First off, let me thank you for taking the time to be interviewed for Fumbl. I truly appreciate you taking the time to talk with us, especially with your busy schedule.
No problem at all. Without dialogue and contact to the outside world, game designers can turn into very grumpy cave dwellers very quickly.
Could you please tell us about yourself: age, hobbies outside gaming, so on?
Age? Ouch. Well, I’m just over 30. Steven King says you can’t accomplish anything serious as a writer before that, so I’ll take it as a good thing. My hobbies include chasing my two kids around, erm, between that and writing, I have no time for much of anything else. I like the occasional video games. Minecraft and the Sims. That sort of thing.
Who have you worked for, what games have you worked on?
So I worked on supplements for Vampire, Werewolf, Hunter and Mage for the New World of Darkness Line for White Wolf. I did a little bit of work on Blood in Feraldyn for Green Ronin. I worked on the High School Yearbook for Margret Weis’s Smallville, and a lot of small stuff here and there, plus the three games my company has put out in the last few years.
How did you initially get into playing RPGs?
About a hundred years ago, when I was young, my parents got me an NES and the first Final Fantasy game. I was hooked, my friend and I spent hours playing it to completion with a Nintendo Power as our guide. Later, my dad gave me a friends old (incomplete) box set of AD&D. It didn’t have all the dice. That didn’t stop me. I GMed for some friends and it was love at first roll. Soon after, I was in highschool playing games probably more than I spent doing school work. (Whoops. Don’t do that, kids in school.)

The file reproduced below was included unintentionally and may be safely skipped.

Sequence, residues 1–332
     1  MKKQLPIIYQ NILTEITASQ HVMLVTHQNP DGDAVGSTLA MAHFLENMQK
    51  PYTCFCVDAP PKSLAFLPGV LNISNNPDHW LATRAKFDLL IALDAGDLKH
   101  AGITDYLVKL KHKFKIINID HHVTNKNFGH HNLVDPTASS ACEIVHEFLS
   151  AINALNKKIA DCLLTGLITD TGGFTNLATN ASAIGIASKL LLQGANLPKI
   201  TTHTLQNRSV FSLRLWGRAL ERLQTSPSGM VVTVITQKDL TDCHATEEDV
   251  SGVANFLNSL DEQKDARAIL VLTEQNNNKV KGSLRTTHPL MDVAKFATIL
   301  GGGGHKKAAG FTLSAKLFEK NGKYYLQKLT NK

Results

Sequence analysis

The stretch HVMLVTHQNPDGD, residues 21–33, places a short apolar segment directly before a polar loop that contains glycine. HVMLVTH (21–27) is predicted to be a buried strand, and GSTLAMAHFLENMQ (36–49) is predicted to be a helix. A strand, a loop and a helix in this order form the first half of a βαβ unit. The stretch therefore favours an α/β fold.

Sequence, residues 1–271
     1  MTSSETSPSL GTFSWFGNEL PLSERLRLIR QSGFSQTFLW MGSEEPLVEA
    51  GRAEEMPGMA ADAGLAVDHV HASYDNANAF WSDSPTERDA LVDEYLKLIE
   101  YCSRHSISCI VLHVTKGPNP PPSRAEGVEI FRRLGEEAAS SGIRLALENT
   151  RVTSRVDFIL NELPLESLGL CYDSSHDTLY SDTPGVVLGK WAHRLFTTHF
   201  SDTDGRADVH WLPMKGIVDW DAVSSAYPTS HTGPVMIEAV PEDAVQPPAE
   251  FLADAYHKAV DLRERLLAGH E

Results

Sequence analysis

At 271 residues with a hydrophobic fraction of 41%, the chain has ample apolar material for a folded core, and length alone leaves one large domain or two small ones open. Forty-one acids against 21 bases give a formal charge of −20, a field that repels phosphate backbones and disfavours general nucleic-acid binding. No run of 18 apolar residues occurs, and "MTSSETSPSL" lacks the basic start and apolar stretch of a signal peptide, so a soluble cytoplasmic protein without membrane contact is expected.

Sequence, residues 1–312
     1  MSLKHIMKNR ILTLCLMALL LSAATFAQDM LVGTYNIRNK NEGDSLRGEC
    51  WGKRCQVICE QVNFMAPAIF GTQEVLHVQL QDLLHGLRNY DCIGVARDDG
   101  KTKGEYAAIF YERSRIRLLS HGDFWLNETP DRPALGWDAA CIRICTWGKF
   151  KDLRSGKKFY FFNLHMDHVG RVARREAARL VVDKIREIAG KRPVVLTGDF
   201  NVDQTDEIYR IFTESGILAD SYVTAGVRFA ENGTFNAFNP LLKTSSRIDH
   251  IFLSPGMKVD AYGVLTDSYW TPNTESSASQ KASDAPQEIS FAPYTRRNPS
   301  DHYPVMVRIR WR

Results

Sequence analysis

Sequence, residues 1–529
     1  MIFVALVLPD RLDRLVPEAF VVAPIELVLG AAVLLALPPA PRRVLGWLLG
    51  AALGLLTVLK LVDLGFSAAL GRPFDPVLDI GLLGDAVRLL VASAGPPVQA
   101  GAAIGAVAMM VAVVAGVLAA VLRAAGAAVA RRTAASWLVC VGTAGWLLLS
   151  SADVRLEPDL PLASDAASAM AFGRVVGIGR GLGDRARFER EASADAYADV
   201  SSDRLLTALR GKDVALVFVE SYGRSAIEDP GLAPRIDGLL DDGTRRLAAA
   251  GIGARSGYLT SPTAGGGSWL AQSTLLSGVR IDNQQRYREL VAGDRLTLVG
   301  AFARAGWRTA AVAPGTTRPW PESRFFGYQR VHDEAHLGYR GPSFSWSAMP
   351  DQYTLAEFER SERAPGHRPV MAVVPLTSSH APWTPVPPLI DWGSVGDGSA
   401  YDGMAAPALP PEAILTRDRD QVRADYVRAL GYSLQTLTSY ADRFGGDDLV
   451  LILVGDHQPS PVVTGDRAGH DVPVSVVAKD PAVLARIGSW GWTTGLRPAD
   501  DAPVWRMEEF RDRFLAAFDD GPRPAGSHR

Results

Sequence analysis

What was the first gaming system you played in? Can you remember anything about your First Character?
As a player, I started with AD&D. I played a pacifistic priestess of a fertility goddess. You can imagine, AD&D was not kind to the roleplaying leaning-type, but my group loved it, and we adapted things to fit that style quickly. It got very political and social very quickly.
Do you get to play in a campaign, how often do you play? When you do, what system do you normally play?
I haven’t played a real campaign since the Carter Administration. The closest I get are some longer running World of Darkness chat-style games. It’s a very strange animal and I don’t have much time for even that these days. There’s just too many games to try and too many games I want to make. I miss the five-year long games of my youth, but I know I couldn’t go back even if I wanted to.
What is your favourite character you have played, could you tell us something about them?
It would probably be easier for me to tell you which was my favorite child. When I first met my husband, I had a Requiem character. She was a horror writer, and didn’t have much patience for the sillier sort of vampire she met. It could get snarky, but ultimately, she ended her story heading off to seek vampire-nirvana. A lot of fun.
Do you have any funny gaming moments? At least a year or two back, we played a semi regular Hunter game. My husband was running it, and all the players were ladies. We did a lot of clever things to handle monsters from a distance, none of us were front-line sort of killers. Ultimately, we decided that there was almost no monster that couldn’t be handled most easily than by hitting them with a truck. The mental hoops we jumped through to get all manner of evil monster into situations where we could hit them with a truck were hilarious. I highly recommend it to any monster-slayer out there. It’s my weapon of choice now.